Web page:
Developing a nationally appropriate mitigation measure from the greenhouse gas abatement potential from livestock production in the Brazilian Cerrado

R de Oliveira Silva, LG Barioni, TZ Albertini, V Eory, CFE Topp, FA Fernandes, D Moran

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7 Citations (Scopus)
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Brazil is one of the first major developing countries to commit to a national greenhouse gas (GHG) emissions target that requires a reduction of between 36.1% and 38.9% relative to baseline emissions by 2020. The country intends to submit agricultural emissions reductions as part of this target, with livestock production identified as offering significant abatement potential. Focusing on the Cerrado core (central Brazilian savannah), this paper investigates the cost-effectiveness of this potential, which involves some consideration of both the private and social costs and benefits (e.g. including avoided deforestation) arising from specific mitigation measures that may form part of Brazil's definition of Nationally Appropriate Mitigation Measures (NAMAs). The analysis used an optimisation model to define abatement costs. A baseline projection suggests that beef production in the region will emit 2.6 Gt CO2e (CO2 equivalent) from 2010 to 2030, corresponding to 9% of national emissions (including energy, transport, waste, livestock and agriculture). By implementing negative-cost measures identified in a marginal abatement cost curve (MACC) by 2030, the 2.6 Gt CO2e could be reduced by around 24%. Pasture restoration, involving avoided deforestation, offers the largest contribution to these results. As the Brazilian Cerrado is seen as a model for transforming other global savannahs, the results offer a significant contribution by identifying alternatives for increasing productivity while minimizing national and global external costs.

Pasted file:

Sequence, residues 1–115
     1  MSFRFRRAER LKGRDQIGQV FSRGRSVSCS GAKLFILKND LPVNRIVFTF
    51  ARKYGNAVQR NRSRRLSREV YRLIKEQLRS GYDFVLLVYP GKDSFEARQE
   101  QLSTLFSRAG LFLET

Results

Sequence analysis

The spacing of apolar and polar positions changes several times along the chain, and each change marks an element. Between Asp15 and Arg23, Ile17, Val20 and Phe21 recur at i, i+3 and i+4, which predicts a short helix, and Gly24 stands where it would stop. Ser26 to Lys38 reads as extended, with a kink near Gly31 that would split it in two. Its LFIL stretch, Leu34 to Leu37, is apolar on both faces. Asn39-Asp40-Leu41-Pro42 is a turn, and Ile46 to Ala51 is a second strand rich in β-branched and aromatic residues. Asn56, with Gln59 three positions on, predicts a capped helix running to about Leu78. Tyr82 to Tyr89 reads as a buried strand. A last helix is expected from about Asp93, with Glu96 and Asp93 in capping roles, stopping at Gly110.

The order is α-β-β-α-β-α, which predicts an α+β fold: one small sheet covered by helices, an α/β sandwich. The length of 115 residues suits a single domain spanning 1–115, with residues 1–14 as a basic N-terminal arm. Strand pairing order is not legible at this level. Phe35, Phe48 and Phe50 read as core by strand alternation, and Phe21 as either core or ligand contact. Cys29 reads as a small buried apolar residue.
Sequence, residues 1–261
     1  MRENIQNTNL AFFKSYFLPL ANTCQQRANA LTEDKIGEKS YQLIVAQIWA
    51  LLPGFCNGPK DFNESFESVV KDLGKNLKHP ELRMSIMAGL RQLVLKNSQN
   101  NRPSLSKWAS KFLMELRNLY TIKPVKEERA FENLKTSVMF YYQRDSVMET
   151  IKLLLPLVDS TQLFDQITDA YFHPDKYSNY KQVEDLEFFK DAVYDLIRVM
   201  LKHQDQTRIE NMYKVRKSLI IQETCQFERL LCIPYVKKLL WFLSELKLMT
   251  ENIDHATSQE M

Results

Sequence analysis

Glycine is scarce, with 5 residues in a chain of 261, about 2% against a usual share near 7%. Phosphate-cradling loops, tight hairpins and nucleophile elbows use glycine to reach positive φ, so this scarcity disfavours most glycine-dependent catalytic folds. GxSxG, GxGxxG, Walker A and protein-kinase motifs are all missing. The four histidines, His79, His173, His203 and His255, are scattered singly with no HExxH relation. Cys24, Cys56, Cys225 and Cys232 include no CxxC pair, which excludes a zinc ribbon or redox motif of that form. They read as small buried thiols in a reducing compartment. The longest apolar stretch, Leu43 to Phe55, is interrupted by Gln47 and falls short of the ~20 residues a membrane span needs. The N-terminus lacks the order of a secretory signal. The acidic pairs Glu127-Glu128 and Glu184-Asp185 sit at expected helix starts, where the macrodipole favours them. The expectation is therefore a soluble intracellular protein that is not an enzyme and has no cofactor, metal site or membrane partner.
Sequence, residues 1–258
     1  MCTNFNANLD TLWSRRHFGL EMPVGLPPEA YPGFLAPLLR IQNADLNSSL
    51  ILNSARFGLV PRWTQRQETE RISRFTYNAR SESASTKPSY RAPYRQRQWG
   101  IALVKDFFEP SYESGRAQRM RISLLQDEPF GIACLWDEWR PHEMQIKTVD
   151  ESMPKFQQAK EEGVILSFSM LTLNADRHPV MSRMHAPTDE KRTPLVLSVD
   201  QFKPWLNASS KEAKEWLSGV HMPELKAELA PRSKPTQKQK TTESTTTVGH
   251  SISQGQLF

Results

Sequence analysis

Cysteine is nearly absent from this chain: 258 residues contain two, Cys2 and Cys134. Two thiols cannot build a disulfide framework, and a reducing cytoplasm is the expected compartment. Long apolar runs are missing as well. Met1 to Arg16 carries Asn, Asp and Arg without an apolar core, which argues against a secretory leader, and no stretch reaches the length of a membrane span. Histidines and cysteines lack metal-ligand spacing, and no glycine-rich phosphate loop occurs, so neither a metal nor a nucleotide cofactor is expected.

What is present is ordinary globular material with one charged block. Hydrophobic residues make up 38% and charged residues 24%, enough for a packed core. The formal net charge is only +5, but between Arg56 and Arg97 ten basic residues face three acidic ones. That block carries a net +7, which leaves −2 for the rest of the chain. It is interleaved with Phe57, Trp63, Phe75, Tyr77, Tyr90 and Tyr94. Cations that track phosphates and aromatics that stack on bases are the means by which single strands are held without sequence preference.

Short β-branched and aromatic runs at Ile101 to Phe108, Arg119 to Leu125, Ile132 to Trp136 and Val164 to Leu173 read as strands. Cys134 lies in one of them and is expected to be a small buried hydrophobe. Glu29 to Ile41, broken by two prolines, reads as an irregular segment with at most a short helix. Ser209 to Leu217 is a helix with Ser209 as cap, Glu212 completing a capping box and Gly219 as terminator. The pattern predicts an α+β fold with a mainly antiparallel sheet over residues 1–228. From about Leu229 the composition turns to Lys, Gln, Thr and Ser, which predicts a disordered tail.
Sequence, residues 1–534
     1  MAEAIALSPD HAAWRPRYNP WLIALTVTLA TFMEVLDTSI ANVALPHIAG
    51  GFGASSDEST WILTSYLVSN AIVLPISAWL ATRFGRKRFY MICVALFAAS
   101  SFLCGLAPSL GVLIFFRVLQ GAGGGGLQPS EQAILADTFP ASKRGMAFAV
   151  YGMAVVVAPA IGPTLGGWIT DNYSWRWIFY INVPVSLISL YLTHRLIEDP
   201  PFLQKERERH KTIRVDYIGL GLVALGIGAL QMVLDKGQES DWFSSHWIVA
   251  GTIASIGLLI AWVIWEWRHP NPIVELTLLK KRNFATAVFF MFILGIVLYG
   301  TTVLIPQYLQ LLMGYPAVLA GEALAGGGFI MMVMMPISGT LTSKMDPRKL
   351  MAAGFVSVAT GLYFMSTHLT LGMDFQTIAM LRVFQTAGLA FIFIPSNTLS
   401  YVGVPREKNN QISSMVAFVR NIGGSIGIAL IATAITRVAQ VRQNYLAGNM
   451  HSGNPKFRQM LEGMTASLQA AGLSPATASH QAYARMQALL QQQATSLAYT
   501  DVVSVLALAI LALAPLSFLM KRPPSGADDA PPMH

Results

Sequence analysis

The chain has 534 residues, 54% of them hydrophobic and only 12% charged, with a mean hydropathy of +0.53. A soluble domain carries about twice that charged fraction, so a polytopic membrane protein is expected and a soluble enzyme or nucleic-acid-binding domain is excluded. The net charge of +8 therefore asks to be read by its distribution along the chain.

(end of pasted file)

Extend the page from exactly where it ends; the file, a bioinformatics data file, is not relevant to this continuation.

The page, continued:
Original languageEnglish
Pages (from-to)48 - 55
Number of pages8
JournalAgricultural Systems
Publication statusPrint publication - 2015


Bibliographical note



  • Climate change
  • Grassland restoration
  • Linear programming
  • Marginal abatement cost curves
  • Mitigation measures
  • Sustainable intensification

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